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Photo: Michael Malyszko

From a review of Mary Jo Salter’s latest volume of poems, “A Phone Call to the Future”:

Back in the 20th century, when such things seemed to matter, poets argued about the virtue of meter and rhyme. Occasionally the debate produced insights of lasting consequence, like Robert Frost’s snarky metaphor for free verse (“playing tennis with the net down”) and Charles Wright’s brilliant response: “the high wire act without the net.” But the debate was perpetuated more often by tribal loyalties than by artistic necessity. An argument that forecloses possibilities for art — that says X is good because Y is bad — can rarely be trusted.

Mary Jo Salter came of age as a poet in the 1970s when two tribes, the Language poets and the New Formalists, were sparring. The Language poets (named after a magazine called Language) represented a new surge of experimental writing, while the New Formalists (with whom Salter was associated) wanted to resist the influence of modernism, re-energizing poetry’s relationship not only to traditional form but to narrative. Like Salter, many of the New Formalists modeled their work on a strategically narrowed version of Elizabeth Bishop, a poet who wrote both free and formal verse with homespun virtuosity. But while Bishop continues to be read, the polemics associated with both the New Formalism and Language poetry feel dated, part of the niggling history of taste rather than the grand history of art…

We grow wise when we ought to be depressed, said the philosopher E. M. Cioran; wisdom is a way of controlling or defending ourselves against grief. But the kind of technical mastery cherished by the New Formalists may too easily foster a taste for emotional mastery. The impressionable ear gets used to the sound of well-turned conclusions. Questions are foreclosed; satisfaction sets in.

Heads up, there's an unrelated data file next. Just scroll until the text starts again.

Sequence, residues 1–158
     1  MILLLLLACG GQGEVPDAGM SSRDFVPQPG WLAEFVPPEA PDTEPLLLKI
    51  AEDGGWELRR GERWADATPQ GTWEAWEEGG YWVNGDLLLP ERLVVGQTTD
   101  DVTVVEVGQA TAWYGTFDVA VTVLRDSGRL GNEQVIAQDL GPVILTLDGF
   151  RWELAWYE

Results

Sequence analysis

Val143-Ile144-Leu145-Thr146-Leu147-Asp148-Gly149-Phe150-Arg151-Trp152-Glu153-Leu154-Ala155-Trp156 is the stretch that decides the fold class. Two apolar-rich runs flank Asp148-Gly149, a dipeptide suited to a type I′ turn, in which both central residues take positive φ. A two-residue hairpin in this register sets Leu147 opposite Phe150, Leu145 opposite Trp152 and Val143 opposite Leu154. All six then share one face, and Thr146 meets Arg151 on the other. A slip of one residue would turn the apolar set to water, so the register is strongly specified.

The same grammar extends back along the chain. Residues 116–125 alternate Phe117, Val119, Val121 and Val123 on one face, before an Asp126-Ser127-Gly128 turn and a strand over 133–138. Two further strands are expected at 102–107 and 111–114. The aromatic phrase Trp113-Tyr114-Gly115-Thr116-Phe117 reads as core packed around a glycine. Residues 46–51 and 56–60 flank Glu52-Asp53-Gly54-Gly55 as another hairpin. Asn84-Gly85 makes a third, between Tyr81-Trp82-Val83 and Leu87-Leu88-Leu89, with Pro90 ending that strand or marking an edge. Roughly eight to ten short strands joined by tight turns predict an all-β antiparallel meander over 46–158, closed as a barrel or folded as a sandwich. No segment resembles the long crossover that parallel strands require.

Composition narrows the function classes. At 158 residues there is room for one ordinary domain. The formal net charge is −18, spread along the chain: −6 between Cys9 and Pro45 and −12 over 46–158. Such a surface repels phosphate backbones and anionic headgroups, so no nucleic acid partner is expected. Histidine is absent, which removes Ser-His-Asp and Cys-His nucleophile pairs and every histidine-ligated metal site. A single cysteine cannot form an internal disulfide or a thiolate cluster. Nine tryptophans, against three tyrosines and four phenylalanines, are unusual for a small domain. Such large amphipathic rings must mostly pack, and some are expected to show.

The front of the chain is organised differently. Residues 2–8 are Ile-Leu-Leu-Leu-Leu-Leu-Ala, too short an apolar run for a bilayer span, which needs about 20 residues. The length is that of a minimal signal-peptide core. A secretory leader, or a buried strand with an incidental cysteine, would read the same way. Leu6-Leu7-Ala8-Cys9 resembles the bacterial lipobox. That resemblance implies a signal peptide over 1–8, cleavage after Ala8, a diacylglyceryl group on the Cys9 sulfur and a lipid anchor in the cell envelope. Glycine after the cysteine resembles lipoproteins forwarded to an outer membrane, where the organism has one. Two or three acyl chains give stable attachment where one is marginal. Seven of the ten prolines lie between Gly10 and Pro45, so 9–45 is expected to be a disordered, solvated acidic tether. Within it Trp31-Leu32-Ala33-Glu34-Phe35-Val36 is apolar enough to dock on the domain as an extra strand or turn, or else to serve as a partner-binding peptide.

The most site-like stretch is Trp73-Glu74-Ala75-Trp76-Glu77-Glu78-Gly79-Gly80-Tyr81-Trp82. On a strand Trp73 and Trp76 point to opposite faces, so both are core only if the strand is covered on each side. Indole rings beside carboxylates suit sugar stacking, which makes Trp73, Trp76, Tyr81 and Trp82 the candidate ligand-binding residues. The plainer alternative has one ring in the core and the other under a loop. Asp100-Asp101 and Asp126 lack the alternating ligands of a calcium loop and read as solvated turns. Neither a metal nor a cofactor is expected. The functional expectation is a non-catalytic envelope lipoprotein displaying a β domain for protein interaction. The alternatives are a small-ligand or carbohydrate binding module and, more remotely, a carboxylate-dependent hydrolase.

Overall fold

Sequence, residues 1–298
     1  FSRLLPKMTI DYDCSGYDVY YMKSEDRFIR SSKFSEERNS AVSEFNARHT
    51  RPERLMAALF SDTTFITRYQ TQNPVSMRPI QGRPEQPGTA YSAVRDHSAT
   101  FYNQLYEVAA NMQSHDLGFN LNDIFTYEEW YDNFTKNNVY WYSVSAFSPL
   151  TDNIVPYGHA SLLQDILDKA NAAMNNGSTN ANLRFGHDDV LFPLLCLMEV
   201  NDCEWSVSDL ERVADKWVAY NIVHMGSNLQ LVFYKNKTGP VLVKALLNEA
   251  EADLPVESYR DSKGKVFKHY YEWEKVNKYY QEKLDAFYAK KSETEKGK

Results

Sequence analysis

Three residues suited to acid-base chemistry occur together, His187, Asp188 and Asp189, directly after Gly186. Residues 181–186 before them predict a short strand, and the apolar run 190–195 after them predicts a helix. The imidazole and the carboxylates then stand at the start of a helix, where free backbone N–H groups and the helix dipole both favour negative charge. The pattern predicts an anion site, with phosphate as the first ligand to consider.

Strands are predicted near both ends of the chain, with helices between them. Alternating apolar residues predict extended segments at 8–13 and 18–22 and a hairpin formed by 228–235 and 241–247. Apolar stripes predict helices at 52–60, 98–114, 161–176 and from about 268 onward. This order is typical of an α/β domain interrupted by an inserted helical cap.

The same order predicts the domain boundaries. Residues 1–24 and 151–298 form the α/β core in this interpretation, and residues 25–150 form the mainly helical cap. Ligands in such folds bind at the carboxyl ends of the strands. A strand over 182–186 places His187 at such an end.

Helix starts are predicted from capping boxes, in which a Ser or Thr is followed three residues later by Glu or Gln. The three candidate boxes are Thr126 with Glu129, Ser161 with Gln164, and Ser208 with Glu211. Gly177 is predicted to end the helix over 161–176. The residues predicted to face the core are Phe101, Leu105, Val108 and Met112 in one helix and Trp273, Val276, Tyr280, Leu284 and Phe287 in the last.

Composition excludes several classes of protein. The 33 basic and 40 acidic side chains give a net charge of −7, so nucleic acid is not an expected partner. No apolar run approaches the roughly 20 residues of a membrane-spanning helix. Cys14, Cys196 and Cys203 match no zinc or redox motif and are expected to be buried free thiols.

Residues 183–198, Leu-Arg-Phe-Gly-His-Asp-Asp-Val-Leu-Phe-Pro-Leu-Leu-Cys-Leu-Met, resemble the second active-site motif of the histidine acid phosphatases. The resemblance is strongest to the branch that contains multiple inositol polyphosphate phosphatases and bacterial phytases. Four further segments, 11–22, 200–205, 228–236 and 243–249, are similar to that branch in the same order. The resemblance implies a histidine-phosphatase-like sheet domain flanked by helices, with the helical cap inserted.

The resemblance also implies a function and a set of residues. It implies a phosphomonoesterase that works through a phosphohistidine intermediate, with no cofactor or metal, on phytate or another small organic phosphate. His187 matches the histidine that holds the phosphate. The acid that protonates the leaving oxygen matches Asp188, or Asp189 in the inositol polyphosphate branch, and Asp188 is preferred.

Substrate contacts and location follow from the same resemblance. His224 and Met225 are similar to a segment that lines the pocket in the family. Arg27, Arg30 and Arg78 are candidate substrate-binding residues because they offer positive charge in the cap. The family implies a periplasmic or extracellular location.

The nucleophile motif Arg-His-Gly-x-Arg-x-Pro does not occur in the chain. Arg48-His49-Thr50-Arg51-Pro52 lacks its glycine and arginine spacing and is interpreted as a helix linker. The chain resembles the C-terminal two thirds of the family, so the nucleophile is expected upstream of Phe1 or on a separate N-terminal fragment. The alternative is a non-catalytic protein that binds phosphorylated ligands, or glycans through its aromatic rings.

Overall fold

This is not about subject matter: Bishop’s domestic vignettes feel as spooky and harrowing as Hecht’s poems about the Nazi death camps because she resists all opportunities for emotional closure, preferring to dwell on what she called the “surrealism of everyday life.” In contrast, the new poems collected in “A Phone Call to the Future” feel comfortable with their conclusions, content with the maturity acquired through their realization, however rueful the feeling of lost youth: “You reach an age when classics / are what you must have read.” The satisfaction embodied by such quips seems coercive.

Only a few poets transcend the history of taste to participate in the history of art — and only in a handful of poems. Salter has been struck by lightning more than once, and “Another Session,” from her 2003 collection “Open Shutters,” suggests she’ll be struck again. In this sonnet sequence about depression and its aftermath, a patient confesses to her therapist the need “to be praised / for forcing these indictments from my throat. / For saying them well.” All of Salter’s poems are well said. “Another Session” is, like “Elegies for Etsuko,” a disorienting work of art.

James Longenbach
New York Times

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